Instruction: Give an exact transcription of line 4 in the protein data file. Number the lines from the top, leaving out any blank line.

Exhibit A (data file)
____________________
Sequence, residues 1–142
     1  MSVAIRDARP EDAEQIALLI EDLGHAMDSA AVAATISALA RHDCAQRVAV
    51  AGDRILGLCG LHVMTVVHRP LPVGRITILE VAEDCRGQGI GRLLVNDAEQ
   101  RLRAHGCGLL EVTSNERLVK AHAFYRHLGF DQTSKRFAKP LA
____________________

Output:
   101  RLRAHGCGLL EVTSNERLVK AHAFYRHLGF DQTSKRFAKP LA